Luxury carmaker Lexus confirmed today that the brand will bring its first fully electric vehicle – the UX 300e small SUV – to Australia in time for the 2021 Melbourne Cup, slated to be held in twelve months from now.
The 2022 Lexus UX 300e, as the battery-electric crossover will be known when it launches in Australia, packs a 54.3kWh battery that gives it a range of about 310km on the European WLTP testing cycle.
A high-output motor provides the UX 300e with 150kW of power and 300Nm of torque – positioning this fully-electric version at the top of the UX lineup.
Two combustion powertrains are currently offered in conjunction with the Lexus UX. The UX 200 is a two-litre four-cylinder petrol producing 126kW/205Nm, while the UX 250h petrol-electric hybrid makes 131kW of power by combining its two energy sources. In its most expensive form, the UX hybrid costs $63,500. Expect the UX 300e to enter some way above this.
It’s the UX hybrid that is currently winning over a majority of customers, with a Lexus spokesperson telling Chasing Cars that over 50 percent of orders in October were for the UX 250h that consumes 4.5L/100km of fuel.
A Lexus spokesperson told Chasing Cars that the especially strong performance of the UX hybrid shows that “the UX 300e is the right car to bring to Australia as the first Lexus EV, with a younger audience who are ready to embrace EV ownership.”
But while the hybrid does not need to be plugged in to operate, the UX 300e is a fully electric vehicle that dispenses with a traditional combustion engine.
Recharging the battery-electric UX takes about 50 minutes when using a DC fast charger, though the maximum DC charging speed is a modest 50kW.
Buyers who install a wallbox in their garage will be able to recharge the UX 300e in about seven hours domestically. Wallbox takeup is likely to be strong, as recharging from a 240-volt three-pin wall socket would take close to 24 hours.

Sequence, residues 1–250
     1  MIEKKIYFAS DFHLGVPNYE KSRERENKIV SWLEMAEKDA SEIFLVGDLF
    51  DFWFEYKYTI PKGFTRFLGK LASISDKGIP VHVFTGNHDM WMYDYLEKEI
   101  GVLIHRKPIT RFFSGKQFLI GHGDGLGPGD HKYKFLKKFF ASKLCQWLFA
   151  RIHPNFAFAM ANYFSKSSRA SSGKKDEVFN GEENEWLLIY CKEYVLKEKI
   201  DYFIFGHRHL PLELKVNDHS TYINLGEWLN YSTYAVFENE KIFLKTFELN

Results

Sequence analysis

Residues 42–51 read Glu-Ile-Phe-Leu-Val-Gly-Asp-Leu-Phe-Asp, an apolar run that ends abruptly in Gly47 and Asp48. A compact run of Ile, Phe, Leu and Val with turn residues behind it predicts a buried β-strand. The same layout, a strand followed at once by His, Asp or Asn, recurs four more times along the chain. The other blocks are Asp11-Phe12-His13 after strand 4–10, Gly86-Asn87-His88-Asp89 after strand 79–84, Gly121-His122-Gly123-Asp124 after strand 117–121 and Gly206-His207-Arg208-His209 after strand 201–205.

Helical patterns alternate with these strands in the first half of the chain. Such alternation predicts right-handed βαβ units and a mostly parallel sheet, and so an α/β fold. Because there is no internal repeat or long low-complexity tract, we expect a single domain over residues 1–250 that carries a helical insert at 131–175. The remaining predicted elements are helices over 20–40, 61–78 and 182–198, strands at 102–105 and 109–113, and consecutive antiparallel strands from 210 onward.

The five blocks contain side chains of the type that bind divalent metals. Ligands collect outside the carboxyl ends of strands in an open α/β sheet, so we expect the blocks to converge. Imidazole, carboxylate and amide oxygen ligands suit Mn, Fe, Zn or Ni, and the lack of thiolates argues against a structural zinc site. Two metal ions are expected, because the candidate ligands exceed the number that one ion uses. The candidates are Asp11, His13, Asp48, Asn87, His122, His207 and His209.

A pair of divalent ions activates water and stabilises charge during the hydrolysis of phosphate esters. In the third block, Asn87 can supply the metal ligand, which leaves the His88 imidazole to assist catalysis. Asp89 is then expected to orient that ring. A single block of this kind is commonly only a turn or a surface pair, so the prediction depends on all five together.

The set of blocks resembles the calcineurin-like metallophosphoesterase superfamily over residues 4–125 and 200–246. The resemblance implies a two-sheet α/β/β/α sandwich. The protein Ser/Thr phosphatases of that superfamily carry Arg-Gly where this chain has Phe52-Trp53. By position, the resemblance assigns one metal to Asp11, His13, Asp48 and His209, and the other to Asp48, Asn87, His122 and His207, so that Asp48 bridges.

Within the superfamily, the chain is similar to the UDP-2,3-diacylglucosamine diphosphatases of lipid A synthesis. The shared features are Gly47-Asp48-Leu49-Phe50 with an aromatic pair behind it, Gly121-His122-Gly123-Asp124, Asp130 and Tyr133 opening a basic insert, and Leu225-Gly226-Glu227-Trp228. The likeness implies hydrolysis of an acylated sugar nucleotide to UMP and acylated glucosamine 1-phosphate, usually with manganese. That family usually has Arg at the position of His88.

The UX 300e was globally revealed in May of this year, but Lexus Australia were cautious about confirming the vehicle for local deliveries due to concerns about the availability, reliability and ease of use of public charging solutions.
That concern – that charging needs to be as seamless as other elements of Lexus ownership – remains, and Lexus Australia will assemble a “dedicated team” to “anticipate the needs of UX 300e customers.”
“We want to find Lexus solutions to some of the barriers of EV ownership,” a brand spokesperson told Chasing Cars. “We feel that [in 12 months’ time] we will be able to explore some best practice solutions.” Lexus says they are targeting “unrivalled customer care” in the EV space.
It was a comment echoed by the chief executive of Lexus Australia, Scott Thompson, who said that between now and November 2021, Lexus will “ensure” that ownership of the electric UX will “equal the unwavering standards of owning a Lexus self-charging hybrid electric vehicle.”
It remains to be seen what this will mean in substance, but it is a fair guess that Lexus will partner with one or more charging infrastructure providers to offer customers more peace of mind – and perhaps subsidised or free charging – while on the go.
Globally, Lexus are also backing the UX 300e by offering a million kilometre or ten year warranty on the battery. The brand is also warranting that the battery will not degrade by more than 30 percent in that time – meaning owners shouldn’t see fully-charged range slip below 220km after ten years.
Toyota Hilux Rogue 2023: new widebody design, rear disc brakes and other upgrades for luxury-spec ute
Mitsubishi Outlander PHEV 2022: Australian price and specs for next-generation plug-in hybrid revealed
About Chasing cars
Chasing Cars reviews are 100% independent.
Because we are powered by Budget Direct Insurance, we don’t receive advertising or sales revenue from car manufacturers.
We’re truly independent – giving you Australia’s best car reviews.